After last week’s #Take1 for radiotherapy, this Tuesday we went for #Take2. I had to go back into the CT scanner on Thursday (didn’t need to see the Dr), and new measurements were taken, and then the planning has to be done, so they couldn’t start that day.
Everyone who’s done chemotherapy says this is a ‘walk in the park’ compared to chemo, although one of the staff in Maggie’s (and various others who have been before) – be prepared for THE FATIGUE! Hence why I’m officially off sick at the moment (again)….
Julie, my lovely cleaner (best self-care £ I spend every week), said this is the first week that I actually look tired in the whole time she’s seen me throughout treatment – especially round the eyes… and yes, I am!
So, with some trepidation, back into the Christie, back round to ‘Suite 4’ (people are each assigned to a numbered suite – guess it helps with the familiarity, although they’re all pretty much the same!).
It felt like a realllly long session – and it was – about an hour (rather than 20ish minutes anticipated). Kept wondering if I was moving, or what was going on, but the radiotherapists said it’s quite common to have a lot of set-up time, especially in the first few days!
After they disappeared in/out of the room several times… a piece of the machine moved/made sounds that had never done so before (well, not with me on it anyway!), and we were finally ‘off’! Here’s my VERY relieved face as I headed out down the corridor – there’s a couple of walls between the radiation room, and where the staff monitor the imaging, so they don’t get excessive radiation – zig-zagging out of the room, down the corridor, and back round to the changing room.
At some point I was determined to get a selfie with the machine – maybe another pic to have at the end of treatment – though there’s also another treatment bell!
This time I was in Suite 12 (behind the door to The Christie Private Healthcare – just the same!) … but with same calm, smiling, ‘please stay very still now’ staff. This did take a while to set up again, and after they disappeared to ‘quickly’ take the ‘checking image’ (on positioning), I was left lying there listening to the music for 4-5 tracks (explicit lyrics on one song – wonder who’s CD that was!) and started to wonder if everyone had just gone home, whilst resisting scratching the bits of my face that were now itching like mad…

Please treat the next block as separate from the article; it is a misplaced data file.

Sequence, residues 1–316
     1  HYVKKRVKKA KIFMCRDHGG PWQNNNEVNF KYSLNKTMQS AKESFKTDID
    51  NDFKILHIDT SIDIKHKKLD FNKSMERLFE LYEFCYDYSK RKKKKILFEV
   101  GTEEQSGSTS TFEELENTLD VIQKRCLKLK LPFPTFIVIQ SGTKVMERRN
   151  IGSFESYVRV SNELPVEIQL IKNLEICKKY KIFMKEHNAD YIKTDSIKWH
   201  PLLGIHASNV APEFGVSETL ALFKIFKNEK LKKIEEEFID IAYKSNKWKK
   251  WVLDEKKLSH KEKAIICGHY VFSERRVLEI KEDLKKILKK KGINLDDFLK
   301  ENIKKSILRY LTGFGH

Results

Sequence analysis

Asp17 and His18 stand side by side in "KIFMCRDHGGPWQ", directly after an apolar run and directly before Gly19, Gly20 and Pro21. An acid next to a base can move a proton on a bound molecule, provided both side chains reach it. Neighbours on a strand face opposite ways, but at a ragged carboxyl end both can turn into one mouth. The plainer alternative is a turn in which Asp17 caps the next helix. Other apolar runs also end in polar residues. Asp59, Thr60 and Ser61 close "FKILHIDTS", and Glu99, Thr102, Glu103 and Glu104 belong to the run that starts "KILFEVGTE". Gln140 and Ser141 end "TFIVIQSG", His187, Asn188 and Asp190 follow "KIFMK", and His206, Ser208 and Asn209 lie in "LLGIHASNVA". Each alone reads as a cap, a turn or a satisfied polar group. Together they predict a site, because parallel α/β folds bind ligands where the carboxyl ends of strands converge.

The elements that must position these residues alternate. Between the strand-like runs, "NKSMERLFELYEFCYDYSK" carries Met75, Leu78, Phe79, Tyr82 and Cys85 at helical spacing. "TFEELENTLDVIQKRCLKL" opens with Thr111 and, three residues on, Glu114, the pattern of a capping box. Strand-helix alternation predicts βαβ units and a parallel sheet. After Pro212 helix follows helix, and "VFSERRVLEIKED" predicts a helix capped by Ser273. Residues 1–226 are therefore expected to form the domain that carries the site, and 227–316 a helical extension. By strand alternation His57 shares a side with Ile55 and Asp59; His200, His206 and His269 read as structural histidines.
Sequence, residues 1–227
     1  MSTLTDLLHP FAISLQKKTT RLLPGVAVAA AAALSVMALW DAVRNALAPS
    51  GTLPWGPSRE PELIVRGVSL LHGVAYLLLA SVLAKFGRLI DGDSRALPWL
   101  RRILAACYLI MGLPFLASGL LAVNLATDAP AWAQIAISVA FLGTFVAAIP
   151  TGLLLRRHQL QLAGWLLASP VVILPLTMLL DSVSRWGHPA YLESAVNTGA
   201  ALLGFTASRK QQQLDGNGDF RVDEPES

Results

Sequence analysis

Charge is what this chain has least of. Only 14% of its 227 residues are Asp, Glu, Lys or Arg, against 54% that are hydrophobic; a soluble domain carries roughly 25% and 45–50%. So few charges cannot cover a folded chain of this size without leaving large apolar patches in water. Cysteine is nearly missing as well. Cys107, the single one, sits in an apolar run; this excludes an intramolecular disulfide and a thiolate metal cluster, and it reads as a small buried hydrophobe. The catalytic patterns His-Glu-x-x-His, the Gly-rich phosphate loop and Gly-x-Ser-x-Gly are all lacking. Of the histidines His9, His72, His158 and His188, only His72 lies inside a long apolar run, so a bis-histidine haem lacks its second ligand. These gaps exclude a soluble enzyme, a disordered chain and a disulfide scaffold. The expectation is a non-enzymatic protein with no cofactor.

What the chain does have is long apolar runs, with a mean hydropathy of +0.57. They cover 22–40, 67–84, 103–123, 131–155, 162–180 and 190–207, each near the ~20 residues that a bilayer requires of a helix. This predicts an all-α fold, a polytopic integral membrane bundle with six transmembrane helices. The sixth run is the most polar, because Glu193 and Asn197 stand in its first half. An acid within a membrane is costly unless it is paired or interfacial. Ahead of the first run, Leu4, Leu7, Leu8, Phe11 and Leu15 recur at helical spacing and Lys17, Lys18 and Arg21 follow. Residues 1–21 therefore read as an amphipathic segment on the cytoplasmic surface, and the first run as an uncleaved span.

They did come back in, with an extra (more senior, I think) member of staff, and was asked to sit back up, and reset – then hips went to the right, whilst other bits of my body were put into shape … and eventually we got there. They said don’t be surprised if it’s 40-45 minutes, rather than 15… so..
This appointment took about 40ish minutes maybe, so faster than the day before. We did have to do a re-set though, and the senior member of staff came back in. Maybe I’m just a difficult case … but we got there!
This was a late one – 6.30pm (and I was clearly the last of the day) – very weird going into the hospital at that time – my usual entrance was closed so had to walk the long way round (was told a shortcut to get out!)…. got to the reception desk by 6.25pm, and they were apparently just waiting for me, so I went straight in!
And today – we managed to ‘get it in one go’ – so I was out, and had ordered my takeaway (pizza, in case you’re wondering) *still no fully working kitchen, so I think we were done in about 20 minutes 🙂 They had popped out for ‘the first image’, and then I heard the machine move behind my head, then it rotated, whirred and beeped (sounds quite like someone pushing a bell push for a long time), before they popped in to check the final line up – and drew some more lines on my scar area!
I asked about the ‘beep’ I could hear as they left the room, as I was trying to work out if that was a manual push or some kind of clever automatic ‘everyone but the patient has left the room’. It’s a manual push, and I was shown that at the end of the ‘zag’ there’s another button with some kind of laser beam across, which if anyone walks across it, the radiotherapy machine automatically stops any radiation – so that staff can safely walk in/out of the room.
As I was leaving, managed to get a shot of the imaging area (no people, no paperwork visible) – all of which is behind a passcode locked door into the waiting room:
Dr Bex Lewis is passionate about helping people engage with the digital world in a positive way, where she has more than 20 years’ experience. She is Senior Lecturer in Digital Marketing at Manchester Metropolitan University and Visiting Research Fellow at St John’s College, Durham University, with a particular interest in digital culture, persuasion and attitudinal change, especially how this affects the third sector, including faith organisations, and, after her breast cancer diagnosis in 2017, has started to research social media and cancer. Trained as a mass communications historian, she has written the original history of the poster Keep Calm and Carry On: The Truth Behind the Poster (Imperial War Museum, 2017), drawing upon her PhD research. She is Director of social media consultancy Digital Fingerprint, and author of Raising Children in a Digital Age: Enjoying the Best, Avoiding the Worst (Lion Hudson, 2014; second edition in process) as well as a number of book chapters, and regularly judges digital awards. She has a strong media presence, with her expertise featured in a wide range of publications and programmes, including national, international and specialist TV, radio and press, and can be found all over social media, typically as @drbexl.